Islam is the religion of peace, tolerance and social justice. It promotes humankind as one community and shuns racism and bigotry. But sadly some misguided elements portray it negatively and their wrong portrayal if not challenged results in creating stereotypes and prejudices.
It is vital that Muslims speak up and encounter criticisms and negative portrayals, whether they are from non-Muslim critics of Islam, or distorted and selective readings from extremists and fanatical elements within their own communities who abuse religious texts for their own vile ends .
In present times, it is the duty of Muslims who uphold the Qur’an and understand its message to reach out to communities for building bridges, creating an atmosphere of tolerance and peaceful understanding, for this has been their original tradition. They need to present their positions properly and in an authentic manner backed by evidence and proof.
Among numerous accusations that have been labeled against Islam and Muslims nowadays, and which can create negative sentiments within communities are the wrong notions that it promotes antisemitism and bigotry against people of Jewish background.
While there are differences in the theology of Judaism and Islam, there is nothing in the belief system of the Qur’an that is antagonistic to those of Jewish ethnicity.
This false claim is not only without any basis from the text of the Qur’an, but also defies logic and common sense.
It is a fact that beliefs and ideas can change, but we are not able to change our ethnic and racial features. Features, which we did not choose of our own accord but were bestowed to us from the Creator.
If the ethnicity of human beings is not of their own making but the Creator is responsible for it, it is illogical to believe that the Creator would despise or be prejudiced against something of His own doing. But sadly, this is what some people would want us to believe.
That firstly God made people of different races, and then some he chose while others of His own handiwork he despises. Such contradictory views about the Divine certainly do not have their origin in the Qur’an, which furthers the equality of opportunity of all humankind.
Every member of the human race has equal opportunity to receive divine blessings, and no racial group or tribal lineage has a preferential treatment.
Racist trends wherever they may originate from, whether aimed at blacks or whites, at Arabs or Jews, face a firm challenge from the revelation of Islam.
Although all types of racism deserve confrontation and encounter, the type under discussion here will be one which is aimed at people who are of Jewish ethnicity. Like Arabs, Jews also are an ethnic group, and not a religious one only.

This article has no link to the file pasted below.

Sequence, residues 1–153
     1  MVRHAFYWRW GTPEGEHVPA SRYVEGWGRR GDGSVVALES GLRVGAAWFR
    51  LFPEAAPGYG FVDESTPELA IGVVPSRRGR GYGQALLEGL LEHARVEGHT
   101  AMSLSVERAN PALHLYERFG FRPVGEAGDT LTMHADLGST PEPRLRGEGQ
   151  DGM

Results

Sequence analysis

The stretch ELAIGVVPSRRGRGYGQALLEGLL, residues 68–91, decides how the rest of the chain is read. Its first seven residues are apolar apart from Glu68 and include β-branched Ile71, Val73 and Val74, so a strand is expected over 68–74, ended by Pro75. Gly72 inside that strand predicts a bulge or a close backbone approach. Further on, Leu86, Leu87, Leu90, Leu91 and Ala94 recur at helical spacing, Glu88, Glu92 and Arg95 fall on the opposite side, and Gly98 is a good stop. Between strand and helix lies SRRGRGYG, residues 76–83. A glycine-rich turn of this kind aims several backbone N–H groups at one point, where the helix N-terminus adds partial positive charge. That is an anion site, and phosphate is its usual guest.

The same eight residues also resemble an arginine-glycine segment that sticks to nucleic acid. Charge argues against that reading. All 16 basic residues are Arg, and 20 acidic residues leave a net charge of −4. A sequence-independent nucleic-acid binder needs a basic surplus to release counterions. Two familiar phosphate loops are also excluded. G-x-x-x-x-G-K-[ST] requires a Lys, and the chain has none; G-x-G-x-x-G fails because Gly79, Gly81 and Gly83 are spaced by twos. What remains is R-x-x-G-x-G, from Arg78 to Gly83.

Prejudice and discrimination against people who are racially of Jewish descent, does not have its origin with Islam and Muslims, who in their halcyon days have provided complete religious freedom and tolerance to Jewish communities, but its roots are more historical, centered around the Christian Gospel narratives and in the last century, Europe has been its main epicenter.
However, due to the conflict in the Middle East, Islam and Muslims have also been dragged into antisemitic discourses, and at times references are made to the Qur’an which is claimed by critics and some misguided proponents to contain antisemitic citations.
In this article, we will be discussing the subject from a purely scriptural viewpoint and analyse the Qur’anic position on race and racism and explore whether the text supports claims of antisemitism.
It is hoped that this humble attempt will remove misconceptions and bring focus and attention to the textual evidence of the Qur’an to foster peaceful dialogue and understanding between communities.
The equality of all races and tribes before God
The Qur’an does not advocate the superiority of one particular race or tribe over another; neither does it maintain the inferiority of any of them.
Considered by many to be an Arabic book, whose principle addressees are Arabs, it may come as a surprise that there is not a single direct address to Arabs in the Book, and almost all direct addresses are generic to humanity.
Within the Qur’anic text one can come across God addressing the reader in the second person as ‘O Mankind!’, ‘O Believers!’, ‘O People of the Book!’ etc, but never will we come across the address ‘O Arabs!’.
Why is that? If the Qur’an is an Arabic Book, and the Arabs are supposed to be its recipients, why are they missing from it?
Why does the Qur’an not contain anything in praise of the Arabs? The answer is in the fact that the Arabs did not write the Qur’an, but its source and origin is God who does not favour any one racial group or tribe, but promotes the welfare of all. We read: